Flower bed

Asked April 14, 2020, 1:40 PM EDT

I have a 2’x 12’ brick (attached to the house) flower bed which outside of our large picture window. Not sure how deep it is but there is potting soil in it. The soffit hangs over the entire bed and does not get direct sun. We live in Bel Air. Can you please suggest what I can plant there. Thank you Toni

Harford County Maryland

1 Response

Hello Toni,

Since this is more-or-less a large container (rather than a raised bed, which tend to be larger in volume), anything that is reliable for container gardening in the shade should suffice, though certainly drought tolerance is ideal to minimize your watering schedule.

For hardiness concerns, annuals or houseplants (treated as annuals) are the safest bet, as they do not overwinter due to cold intolerance. (Those annuals that grow best in cool weather, like pansies, need a good amount of sun.) This way, you can change color palettes and design schemes yearly if you wish. Houseplants with decorative foliage can add welcome texture and variety to flowering annuals. Examples of annual plants that grow well in shadier sites include Wishbone Flower (Torenia), Fuchsia, most Impatiens (look for those stated to be resistant to downy mildew), tuberous Begonias, and colorful-foliage plants like Caladium and some Coleus.

Perennials may do well if selected for drought tolerance and primarily foliage interest, as those that flower will do so relatively briefly compared with season-long annual flowers. Ferns, Hosta, Heuchera, and Sedges (Carex) are common groups for this purpose. Fringed Bleeding-hart (Dicentra eximia) is one low-growing perennial with a relatively long bloom season (other bleeding-hearts go dormant); a low grass like Hakonechloa will offer both color and texture. There are many flowering perennials with good shade tolerance, but their typical heights of two to four feet tall (by the time they flower) probably limit them to use elsewhere unless you don't mind obscuring some of the window. (Even the aforementioned groups for foliage should be selected with mature height in mind, as there can be quite a range between varieties.)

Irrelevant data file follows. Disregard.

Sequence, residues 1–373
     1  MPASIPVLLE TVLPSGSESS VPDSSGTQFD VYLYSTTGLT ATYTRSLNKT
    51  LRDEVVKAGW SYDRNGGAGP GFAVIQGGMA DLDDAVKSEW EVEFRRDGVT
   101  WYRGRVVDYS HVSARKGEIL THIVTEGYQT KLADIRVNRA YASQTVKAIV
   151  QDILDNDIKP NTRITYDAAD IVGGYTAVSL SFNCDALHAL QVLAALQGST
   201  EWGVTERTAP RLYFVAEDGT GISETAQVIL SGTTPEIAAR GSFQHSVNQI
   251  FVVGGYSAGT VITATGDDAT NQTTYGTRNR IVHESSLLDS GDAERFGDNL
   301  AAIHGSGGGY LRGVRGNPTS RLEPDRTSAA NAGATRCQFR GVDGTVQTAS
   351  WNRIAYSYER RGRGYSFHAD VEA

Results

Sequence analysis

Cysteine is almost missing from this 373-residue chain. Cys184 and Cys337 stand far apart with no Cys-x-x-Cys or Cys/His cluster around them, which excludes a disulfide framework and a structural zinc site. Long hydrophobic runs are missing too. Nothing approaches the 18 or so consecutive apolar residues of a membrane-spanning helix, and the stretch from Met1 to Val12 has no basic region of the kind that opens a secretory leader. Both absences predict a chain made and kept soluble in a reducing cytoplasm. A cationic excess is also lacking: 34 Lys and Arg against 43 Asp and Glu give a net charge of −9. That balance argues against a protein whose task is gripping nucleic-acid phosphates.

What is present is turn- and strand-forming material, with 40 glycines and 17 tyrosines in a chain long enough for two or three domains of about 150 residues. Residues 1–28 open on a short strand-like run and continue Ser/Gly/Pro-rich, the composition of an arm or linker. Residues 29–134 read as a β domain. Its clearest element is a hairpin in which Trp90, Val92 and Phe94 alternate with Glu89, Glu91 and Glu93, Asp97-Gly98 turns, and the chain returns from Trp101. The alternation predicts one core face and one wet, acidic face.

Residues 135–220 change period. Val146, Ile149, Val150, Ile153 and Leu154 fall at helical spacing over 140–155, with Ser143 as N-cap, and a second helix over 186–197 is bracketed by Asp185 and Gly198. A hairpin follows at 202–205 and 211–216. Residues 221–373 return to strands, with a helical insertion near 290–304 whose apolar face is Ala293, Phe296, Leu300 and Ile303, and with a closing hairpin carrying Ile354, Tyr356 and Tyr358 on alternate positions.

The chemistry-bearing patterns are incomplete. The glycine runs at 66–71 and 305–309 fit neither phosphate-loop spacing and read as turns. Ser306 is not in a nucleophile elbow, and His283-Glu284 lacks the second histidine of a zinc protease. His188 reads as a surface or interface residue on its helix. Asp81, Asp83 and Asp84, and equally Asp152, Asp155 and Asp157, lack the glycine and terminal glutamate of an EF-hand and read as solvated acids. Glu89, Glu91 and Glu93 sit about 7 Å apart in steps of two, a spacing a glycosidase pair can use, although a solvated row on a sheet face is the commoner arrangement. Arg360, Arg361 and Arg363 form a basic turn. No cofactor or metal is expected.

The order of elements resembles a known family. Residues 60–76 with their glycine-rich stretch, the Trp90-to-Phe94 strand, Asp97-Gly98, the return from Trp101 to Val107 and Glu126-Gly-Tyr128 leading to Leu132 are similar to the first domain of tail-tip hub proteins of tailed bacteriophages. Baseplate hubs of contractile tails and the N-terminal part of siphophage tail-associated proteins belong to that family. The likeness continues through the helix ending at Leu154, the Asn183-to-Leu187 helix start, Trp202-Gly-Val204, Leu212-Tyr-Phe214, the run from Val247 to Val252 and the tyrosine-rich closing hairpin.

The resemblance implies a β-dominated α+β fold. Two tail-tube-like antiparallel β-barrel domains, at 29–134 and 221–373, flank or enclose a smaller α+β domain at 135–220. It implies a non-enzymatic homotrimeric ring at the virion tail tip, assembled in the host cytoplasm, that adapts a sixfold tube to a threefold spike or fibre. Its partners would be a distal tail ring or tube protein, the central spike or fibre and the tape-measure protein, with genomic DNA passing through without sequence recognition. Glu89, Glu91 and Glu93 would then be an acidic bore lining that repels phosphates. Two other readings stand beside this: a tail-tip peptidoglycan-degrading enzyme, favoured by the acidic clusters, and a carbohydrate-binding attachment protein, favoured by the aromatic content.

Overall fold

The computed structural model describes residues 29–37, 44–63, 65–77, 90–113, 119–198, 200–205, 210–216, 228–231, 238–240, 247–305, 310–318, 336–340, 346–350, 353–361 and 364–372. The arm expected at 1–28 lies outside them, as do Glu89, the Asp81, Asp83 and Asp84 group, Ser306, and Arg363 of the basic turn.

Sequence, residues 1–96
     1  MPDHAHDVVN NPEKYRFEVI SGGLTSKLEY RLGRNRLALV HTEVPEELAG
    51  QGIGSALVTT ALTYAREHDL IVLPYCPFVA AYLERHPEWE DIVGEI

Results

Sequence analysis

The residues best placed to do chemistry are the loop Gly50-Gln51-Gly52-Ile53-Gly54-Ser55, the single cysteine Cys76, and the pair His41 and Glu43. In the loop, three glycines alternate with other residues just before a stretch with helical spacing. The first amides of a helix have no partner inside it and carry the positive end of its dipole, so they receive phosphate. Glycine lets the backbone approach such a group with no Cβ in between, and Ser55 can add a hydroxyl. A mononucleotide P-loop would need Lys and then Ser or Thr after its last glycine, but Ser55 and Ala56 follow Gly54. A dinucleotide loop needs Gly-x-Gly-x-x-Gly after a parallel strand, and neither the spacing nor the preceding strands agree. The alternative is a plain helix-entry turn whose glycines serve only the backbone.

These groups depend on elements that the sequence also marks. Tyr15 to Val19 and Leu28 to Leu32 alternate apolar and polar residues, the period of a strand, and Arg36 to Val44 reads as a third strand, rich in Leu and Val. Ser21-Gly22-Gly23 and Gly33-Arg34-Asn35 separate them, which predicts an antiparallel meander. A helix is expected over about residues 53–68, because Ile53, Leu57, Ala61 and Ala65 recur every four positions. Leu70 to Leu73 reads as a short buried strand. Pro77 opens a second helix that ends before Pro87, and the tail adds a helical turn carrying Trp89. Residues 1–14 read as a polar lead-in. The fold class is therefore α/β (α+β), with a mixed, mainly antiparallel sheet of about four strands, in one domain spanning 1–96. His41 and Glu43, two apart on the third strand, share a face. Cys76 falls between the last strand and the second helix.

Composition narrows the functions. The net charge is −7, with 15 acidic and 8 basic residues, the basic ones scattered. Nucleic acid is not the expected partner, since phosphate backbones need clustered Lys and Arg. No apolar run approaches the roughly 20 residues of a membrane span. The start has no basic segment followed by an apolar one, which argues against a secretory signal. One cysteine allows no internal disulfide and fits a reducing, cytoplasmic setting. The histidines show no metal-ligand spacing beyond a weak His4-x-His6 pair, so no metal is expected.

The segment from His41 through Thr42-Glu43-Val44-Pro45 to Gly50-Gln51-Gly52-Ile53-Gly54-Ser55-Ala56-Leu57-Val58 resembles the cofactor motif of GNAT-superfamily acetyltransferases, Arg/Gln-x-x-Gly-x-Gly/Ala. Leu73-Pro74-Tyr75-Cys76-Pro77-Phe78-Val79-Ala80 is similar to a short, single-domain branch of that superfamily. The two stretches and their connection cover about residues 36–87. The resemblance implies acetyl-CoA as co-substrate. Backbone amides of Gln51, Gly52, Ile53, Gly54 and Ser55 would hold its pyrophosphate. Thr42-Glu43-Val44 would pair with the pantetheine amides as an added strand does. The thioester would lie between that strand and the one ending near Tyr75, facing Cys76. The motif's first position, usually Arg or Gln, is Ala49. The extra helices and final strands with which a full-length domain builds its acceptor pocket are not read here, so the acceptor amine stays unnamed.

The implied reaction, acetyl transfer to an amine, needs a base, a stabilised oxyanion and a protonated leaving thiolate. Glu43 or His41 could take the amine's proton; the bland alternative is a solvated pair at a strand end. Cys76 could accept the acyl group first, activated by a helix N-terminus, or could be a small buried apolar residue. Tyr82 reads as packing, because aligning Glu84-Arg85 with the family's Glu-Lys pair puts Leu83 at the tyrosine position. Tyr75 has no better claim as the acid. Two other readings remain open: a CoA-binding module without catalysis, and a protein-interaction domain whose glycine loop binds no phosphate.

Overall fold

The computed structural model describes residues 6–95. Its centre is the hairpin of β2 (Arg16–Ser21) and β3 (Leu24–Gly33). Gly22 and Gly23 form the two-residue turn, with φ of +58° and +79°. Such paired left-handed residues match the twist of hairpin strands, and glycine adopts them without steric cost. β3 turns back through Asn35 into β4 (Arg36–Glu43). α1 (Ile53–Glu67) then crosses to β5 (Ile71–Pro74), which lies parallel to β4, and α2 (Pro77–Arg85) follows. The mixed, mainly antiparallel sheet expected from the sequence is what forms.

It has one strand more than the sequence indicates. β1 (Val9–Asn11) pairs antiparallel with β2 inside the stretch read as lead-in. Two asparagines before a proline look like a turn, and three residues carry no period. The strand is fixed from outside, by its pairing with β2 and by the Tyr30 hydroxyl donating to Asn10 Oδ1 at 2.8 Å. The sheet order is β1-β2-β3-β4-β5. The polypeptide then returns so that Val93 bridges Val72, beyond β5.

One decorative option for the in-between season of winter (if you do not use perennials in this bed) would be to turn it into an evergreen display. "Porch pots" is the name typically given nowadays to such a display when used in more traditional flower pots around the holidays, but any decorative arrangement of evergreen boughs, colorful stems, decorative seed pods, and stems of berries would create the same result. Web searches on this topic would certainly offer up some inspiration, and you can remove the stems when they age too much and re-plant once we pass danger of frost in spring (roughly early to mid-May).

Miri